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How scientists are trying to help save people from avalanches and manage the effects of climate change from space

In early February 2021, the U.S. had its deadliest week for avalanches in more than a century with 15 fatalities. Researchers point to a number of converging factors, from early snowfall followed by drought, to more people skiing in the backcountry because of COVID-19. But underlying all of this is a major problem: Scientists still do not have a sufficient way to figure out how much snow there is in a given area. Although there are satellites that can determine geographically where snow has fallen, they do not yet show how deep the snow is, what the snow characteristics are, nor what the snow water equivalent is (the amount of liquid water in the snow when it melts).

The problem does not just affect avalanche forecasting, though. Seasonal snowpack melt in the mountains is a crucial resource for more than 1 billion people around the world, and in the Western U.S. it provides approximately 70 percent of the water used by humans. This snow water is used for drinking, agriculture and hydropower, and with a changing climate, will only become more important. 

Hans-Peter Marshall, a professor at Boise State University, is one of the scientists working on this problem as part of the NASA SnowEx mission. SnowEx is a multiyear project testing different techniques and instrumentation (such as radar, LIDAR and imaging) for mapping snow water equivalent to use in future satellite technology.

“We are trying to develop the best possible approach to getting the snow water equivalent from space,” Marshall said. His team uses a variety of techniques, from ground observation (which often necessitates skiing or snowshoeing into the backcountry) to mounting sensors on drones, airplanes, helicopters and snowmobiles. 

In January of 2023, NASA and the Indian Space Research Organization will be launching NISAR, a joint satellite mission to study the Earth’s surface. The SnowEx mission’s terrestrial work will be used to validate the space-based measurements. The different sensors and methods focus on collecting snow properties that, when collected from a satellite, will create a more comprehensive understanding of snow around the world, and subsequently, more accurate snow modeling methods.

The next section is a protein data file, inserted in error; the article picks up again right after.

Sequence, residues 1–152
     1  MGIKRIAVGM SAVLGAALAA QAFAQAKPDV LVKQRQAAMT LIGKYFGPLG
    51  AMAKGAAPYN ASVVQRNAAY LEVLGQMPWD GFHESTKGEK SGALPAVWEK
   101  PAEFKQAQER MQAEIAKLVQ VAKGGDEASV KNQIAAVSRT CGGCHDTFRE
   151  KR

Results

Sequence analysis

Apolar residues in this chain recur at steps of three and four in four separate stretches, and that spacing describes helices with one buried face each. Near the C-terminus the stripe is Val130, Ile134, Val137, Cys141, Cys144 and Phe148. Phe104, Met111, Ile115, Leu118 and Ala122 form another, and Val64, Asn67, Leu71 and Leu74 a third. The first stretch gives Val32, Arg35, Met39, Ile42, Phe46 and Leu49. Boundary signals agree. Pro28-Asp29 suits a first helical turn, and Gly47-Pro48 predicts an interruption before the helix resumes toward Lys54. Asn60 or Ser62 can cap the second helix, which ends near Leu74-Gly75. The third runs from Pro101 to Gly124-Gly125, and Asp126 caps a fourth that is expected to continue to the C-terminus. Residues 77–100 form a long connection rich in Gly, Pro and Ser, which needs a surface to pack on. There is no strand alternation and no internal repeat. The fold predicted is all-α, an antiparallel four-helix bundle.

Scientists are interested in determining the snow water equivalent, snow structure, depth, temperature, particle size and albedo (the measure of the amount of energy from the sun that is reflected by the Earth’s surface). “

There’s a big feedback system with the snow cover where, as we have less snow cover, the earth is absorbing more energy,” Marshall said. “So knowing when and where the snow is is important from a climate perspective, and we need these tools in place as soon as possible.”

While the information collected by NISAR and future snow and water focused satellites will help avalanche forecasting and monitoring by providing much more snow information than previously available, to accurately model the snow stability will require even more data at a higher spatial and temporal resolution. 

Still, researchers at Boise State are working on novel methods to track avalanche movement using infrasound (the study of sound waves below the lower limit of human hearing). Jeffrey Johnson, an infrasound specialist and volcanologist at Boise State, is transferring some of the technology and methodology he has used to track volcano flow movement to the study of avalanches. 

“What we’re able to do with our new instrumentation is to more comprehensively monitor these hazardous areas,” Johnson said. “We work with the snow forecasters to monitor activity along hazardous sections of highway and identify when snow avalanches have occurred and assess how big they are.”

Johnson and his team use numerous small microphones placed in the field to record snow (and lava flow) movements, and through triangulation, track and determine how big the activity was and how far it is going.

“You can think of [snow] as the world’s largest natural reservoir which we don’t have a great idea of how much exists there,” Marshall said. “Especially in the face of a changing climate, those patterns are changing. We have increases in population and increases in water needs, and our dams can’t hold all of that water. So as that water gets released earlier in a warming climate, we are going to have to make hard decisions about how much to store in our reservoirs, and how much to let through.”